Congressional Democrats are moving to alter White House arms strategy on two fronts - attempting to force continued compliance with the SALT II accord and to slow development and testing of the Strategic Defense Initiative (SDI). The House of Representatives has voted to block funds for deploying weapons that exceed the limits set by the unratified 1979 SALT II treaty so long as the Soviets observe those limits.
House members also have agreed to ban the use of money for development, testing, or deployment of any antiballistic missile (ABM) system - including those developed as part of SDI.
Last week the Democratic-controlled Senate Foreign Relations Committee attached a nonbinding resolution to its State Department authorization measure that calls on the Reagan administration to adhere to the narrow interpretation of the 1972 ABM Treaty.
And the Senate Armed Services Committee added an amendment to its defense authorization bill limiting SDI development and testing to the narrow interpretation of the ABM Treaty, unless Congress passed a joint resolution lifting the restrictions.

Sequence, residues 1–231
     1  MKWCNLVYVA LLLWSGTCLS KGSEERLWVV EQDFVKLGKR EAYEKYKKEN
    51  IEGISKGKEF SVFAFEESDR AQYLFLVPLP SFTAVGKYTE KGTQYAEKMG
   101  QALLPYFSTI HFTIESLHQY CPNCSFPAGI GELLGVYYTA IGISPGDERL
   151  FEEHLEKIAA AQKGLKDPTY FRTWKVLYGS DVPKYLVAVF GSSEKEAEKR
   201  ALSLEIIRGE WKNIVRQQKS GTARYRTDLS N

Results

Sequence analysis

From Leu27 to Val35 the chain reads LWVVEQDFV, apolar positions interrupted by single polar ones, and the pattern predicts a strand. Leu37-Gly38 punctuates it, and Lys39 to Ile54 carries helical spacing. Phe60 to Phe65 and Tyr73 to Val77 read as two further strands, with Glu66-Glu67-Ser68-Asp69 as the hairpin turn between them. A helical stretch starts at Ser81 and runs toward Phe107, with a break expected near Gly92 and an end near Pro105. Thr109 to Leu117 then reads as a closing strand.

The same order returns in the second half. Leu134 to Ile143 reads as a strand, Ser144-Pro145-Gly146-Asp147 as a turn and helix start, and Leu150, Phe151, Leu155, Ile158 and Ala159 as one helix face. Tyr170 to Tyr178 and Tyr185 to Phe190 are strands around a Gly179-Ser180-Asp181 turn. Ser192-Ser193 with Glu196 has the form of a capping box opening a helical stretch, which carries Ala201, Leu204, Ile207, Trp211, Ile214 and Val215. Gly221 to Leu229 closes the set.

The committee also voted $4.5 billion for SDI in fiscal 1988 - less than the Reagan administration's $5.7 billion request, but more than the $3.6 billion allocated by the House.
Waiting in the wings is a Senate proposal that would force US compliance with SALT II, similar to the measure the House passed last week.
The Senate's SALT II bill has attracted 49 co-sponors, including some Republicans.
The SALT II and ABM measures still face delaying tactics by Senate Republicans. They could be saddled with amendments designed to make final approval difficult.
The vehicles for these initiatives were amendments to the Defense Department authorization bill for fiscal 1988, which begins Oct. 1.
Meanwhile, the Senate has taken steps to force the Reagan administration to accept a traditional, narrow interpretation of the 1972 ABM Treaty. This would essentially block advanced deployment of a space-based SDI system.
If those efforts fail, and Congress sends legislation containing the arms control measures to the President for approval, a veto is almost certain.
Democratic strategists admit it would be nearly impossible to find the necessary two-thirds majority in both houses to override a presidential veto. But by then, they say, public awareness of Democratic frustration with the administration's arms-control record would have been raised.